SIX NATIONS – Somebody is on the hook for $350,000 plus another $25,000 in court costs after the appeals court rejected HDI’s bid to have the fine assessed to named and un-named Six Nations people as well as HDI’s Aaron Detlor and Hazel Hill reduced.
Results of the initial appeal of Judge Harrison Arrell’s decision regarding the Brantford Injunction against Six Nations protests at construction sites, was heard Jan.17, and released in September.
The Appellate Court upheld Arrell’s decision and the HDI filed a second appeal hoping to reduce the fine significantly. Results of the second appeal upheld Arrell’s assessment as well. However, the court costs were reduced from $68,000 to $25,000.
Mayor Chris Friel was very pleased with the results, anticipating precedent that would have long-ranging ramification across Canada, which other communities caught in the middle if land claims disputes could follow.
The HDI tried to enforce its own development regulations on the city’s disputed lands and were seen as an important player in the disruption of development within the city.
What this will mean to the HDI is yet to be seen as the judgment legally clips the HDI’s wings in such matters, at least as far as Canadian law is concerned.
HDI’s Aaron Detlor and Hazel Hill, as well as protesters Floyd and Ruby Montour, Charlie and Mary Green, Clive Garlow and “persons unknown” were slapped with the heavy fine.
Chances of getting that kind of money from most of those named is slim at best, however, Detlor and Hill may end up carrying the load.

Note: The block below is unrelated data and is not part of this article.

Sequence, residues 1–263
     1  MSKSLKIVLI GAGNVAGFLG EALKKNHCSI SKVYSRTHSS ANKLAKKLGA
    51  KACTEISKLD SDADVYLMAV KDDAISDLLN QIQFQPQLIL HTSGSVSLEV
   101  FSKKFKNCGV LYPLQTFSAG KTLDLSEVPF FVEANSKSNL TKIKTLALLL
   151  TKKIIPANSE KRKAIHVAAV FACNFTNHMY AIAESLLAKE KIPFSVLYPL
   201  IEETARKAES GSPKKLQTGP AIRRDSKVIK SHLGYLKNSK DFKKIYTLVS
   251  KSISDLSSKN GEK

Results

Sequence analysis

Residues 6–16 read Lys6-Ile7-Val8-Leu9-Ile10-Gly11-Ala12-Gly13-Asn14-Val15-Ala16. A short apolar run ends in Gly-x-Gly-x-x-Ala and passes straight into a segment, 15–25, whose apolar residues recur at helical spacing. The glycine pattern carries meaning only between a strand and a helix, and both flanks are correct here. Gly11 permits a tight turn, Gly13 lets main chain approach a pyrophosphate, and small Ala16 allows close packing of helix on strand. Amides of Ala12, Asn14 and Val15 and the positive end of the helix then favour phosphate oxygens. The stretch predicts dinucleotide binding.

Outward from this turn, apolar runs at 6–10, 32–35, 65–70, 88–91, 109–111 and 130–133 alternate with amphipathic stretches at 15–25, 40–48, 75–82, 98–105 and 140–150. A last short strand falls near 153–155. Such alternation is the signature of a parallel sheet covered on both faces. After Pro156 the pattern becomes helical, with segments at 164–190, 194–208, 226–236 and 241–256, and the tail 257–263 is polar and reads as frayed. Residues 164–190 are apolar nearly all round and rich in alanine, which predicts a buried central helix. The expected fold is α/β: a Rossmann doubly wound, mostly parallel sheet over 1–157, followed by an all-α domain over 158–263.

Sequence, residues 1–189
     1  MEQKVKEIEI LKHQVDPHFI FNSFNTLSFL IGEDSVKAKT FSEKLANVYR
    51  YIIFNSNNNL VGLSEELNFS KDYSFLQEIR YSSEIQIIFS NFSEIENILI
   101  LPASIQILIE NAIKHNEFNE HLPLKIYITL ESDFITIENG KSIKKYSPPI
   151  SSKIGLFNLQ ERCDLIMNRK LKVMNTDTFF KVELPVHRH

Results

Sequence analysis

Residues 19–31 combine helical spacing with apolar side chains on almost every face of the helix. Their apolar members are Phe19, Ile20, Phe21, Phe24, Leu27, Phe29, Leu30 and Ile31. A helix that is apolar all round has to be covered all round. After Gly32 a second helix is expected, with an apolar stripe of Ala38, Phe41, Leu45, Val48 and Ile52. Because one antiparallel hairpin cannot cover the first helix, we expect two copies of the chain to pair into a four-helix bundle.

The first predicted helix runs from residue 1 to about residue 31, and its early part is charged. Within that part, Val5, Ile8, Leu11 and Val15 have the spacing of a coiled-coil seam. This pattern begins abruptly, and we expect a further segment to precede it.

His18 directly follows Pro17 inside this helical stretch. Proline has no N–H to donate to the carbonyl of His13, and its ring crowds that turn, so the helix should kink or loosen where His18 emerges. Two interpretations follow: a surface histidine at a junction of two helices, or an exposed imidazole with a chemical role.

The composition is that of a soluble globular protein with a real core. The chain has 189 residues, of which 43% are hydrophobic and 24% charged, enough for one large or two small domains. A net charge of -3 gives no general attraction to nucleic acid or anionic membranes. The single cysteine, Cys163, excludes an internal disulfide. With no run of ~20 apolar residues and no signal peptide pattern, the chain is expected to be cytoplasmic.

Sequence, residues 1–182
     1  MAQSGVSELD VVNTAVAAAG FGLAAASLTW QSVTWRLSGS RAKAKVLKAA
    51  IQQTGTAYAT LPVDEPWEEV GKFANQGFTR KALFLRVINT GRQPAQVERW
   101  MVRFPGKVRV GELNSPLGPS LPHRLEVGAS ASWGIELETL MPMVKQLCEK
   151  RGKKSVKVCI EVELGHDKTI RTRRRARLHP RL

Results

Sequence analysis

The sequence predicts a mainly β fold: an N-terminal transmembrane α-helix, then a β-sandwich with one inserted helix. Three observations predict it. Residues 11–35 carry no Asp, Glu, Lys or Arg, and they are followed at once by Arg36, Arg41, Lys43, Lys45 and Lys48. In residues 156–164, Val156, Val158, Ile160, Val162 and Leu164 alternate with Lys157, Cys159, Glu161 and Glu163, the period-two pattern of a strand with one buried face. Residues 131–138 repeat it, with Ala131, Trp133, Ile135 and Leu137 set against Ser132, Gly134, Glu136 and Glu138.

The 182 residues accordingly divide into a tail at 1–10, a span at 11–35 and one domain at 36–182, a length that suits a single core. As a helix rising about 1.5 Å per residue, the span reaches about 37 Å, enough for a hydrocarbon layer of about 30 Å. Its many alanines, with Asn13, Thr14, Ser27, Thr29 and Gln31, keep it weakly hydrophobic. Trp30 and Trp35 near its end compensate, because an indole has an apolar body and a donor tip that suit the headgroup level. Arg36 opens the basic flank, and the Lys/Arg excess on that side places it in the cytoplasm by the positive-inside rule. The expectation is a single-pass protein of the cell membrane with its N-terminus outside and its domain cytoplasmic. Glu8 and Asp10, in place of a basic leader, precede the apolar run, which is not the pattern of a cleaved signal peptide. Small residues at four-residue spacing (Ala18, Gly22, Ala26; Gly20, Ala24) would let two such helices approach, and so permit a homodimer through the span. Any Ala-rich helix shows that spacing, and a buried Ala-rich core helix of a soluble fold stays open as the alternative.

According to Brantford’s lawyer in the case, Neil Smitheman, the city could go after any of the named defendants to recover the money, and would not have to rely on those who could not pay. In this case, Floyd and Ruby Montour, an elderly couple well into their 70’s, are not well off financially. The same goes for the Greens and Garlow, which leaves practicing lawyer Aaron Detlor and possibly Hazel Hill holding the bag.
Although not specifically named in the injunction, the Haudenosaunee Development Institute was acting on behalf of the Haudenosaunee Confederacy Chiefs Council at the time. The question remains whether they will be liable to pay the hefty $375,000 bill.
Detlor had no comment for the Two Row Times on the issue, but referred the questions to Confederacy Secretary Jock Hill, whom we were unable to reach by press time.
Ahhh…..as I have said many times, over and over again, we are NOT protestors. We are protectors. Big difference!
I do believe that you are correct, you are not protesters nor are you protectors. Once HDI receives $$ from a project, then it is OK to go. Does this sound like a protectionist approach or is there another word to describe this action?
I believe that Jim was wrong in stating that this is a “fine”. It actually is court costs.
Id like to know if the Mohawk citizens, where extradited into canadian civil (law) society first? Lawfully, did the mohawk expressly waive sovereignty, Knowingly and with full intent!?
I have to disagree with you. The “court costs” have been applied as a separate cost as per the article. The $350,000 is the fine.
I do stand corrected. You are right that it is a fine.
hahaha looks good on HDI
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